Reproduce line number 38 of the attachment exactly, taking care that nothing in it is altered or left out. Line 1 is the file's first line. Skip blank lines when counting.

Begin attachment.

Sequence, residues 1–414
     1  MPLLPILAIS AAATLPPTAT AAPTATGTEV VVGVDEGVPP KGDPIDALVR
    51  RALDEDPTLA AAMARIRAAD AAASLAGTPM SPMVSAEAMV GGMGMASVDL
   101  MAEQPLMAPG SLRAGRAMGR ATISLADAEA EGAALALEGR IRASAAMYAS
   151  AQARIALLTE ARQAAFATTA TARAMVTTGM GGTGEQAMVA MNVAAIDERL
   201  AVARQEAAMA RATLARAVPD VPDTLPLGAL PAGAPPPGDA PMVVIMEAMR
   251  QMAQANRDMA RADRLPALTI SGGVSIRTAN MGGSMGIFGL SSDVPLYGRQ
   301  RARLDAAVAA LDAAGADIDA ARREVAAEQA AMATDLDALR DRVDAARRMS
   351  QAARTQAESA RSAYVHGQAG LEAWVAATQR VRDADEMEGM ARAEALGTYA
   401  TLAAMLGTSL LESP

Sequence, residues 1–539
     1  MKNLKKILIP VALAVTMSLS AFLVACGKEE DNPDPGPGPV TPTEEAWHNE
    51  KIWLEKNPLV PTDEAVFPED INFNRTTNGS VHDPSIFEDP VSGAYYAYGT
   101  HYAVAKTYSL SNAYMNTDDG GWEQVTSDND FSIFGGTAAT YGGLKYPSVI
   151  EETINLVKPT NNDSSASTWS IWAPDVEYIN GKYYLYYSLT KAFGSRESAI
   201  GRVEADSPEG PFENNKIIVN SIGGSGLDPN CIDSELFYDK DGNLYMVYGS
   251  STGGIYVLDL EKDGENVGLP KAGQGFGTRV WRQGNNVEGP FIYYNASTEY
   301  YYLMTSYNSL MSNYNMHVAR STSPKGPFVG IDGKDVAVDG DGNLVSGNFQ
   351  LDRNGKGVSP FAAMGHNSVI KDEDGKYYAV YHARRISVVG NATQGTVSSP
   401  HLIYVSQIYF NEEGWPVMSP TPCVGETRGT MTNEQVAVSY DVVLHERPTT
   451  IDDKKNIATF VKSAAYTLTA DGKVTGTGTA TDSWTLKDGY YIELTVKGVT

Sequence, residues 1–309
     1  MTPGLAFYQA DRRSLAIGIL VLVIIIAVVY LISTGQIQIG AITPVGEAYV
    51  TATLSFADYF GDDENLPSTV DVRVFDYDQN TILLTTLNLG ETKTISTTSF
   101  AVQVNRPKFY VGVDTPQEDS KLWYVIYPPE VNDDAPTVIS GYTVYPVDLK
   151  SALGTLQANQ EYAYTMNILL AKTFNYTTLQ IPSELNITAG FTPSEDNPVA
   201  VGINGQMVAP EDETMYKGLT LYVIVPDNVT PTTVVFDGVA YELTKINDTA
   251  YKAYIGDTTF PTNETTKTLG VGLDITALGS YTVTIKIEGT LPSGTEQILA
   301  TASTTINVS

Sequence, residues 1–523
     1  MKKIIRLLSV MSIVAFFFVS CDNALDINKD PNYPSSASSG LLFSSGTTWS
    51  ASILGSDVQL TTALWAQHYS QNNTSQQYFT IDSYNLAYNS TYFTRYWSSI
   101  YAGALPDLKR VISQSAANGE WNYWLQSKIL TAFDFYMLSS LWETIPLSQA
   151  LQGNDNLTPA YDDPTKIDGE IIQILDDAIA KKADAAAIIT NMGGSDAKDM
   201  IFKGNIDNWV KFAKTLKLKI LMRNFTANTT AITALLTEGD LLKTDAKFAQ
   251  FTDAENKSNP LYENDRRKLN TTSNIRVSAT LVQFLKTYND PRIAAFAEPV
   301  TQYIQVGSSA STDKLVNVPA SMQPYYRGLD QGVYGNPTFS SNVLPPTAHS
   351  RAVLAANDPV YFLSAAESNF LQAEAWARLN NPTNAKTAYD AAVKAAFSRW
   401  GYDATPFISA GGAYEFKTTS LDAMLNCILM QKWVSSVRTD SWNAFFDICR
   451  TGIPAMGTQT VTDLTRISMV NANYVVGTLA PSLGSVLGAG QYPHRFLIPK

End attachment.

   351  RAVLAANDPV YFLSAAESNF LQAEAWARLN NPTNAKTAYD AAVKAAFSRW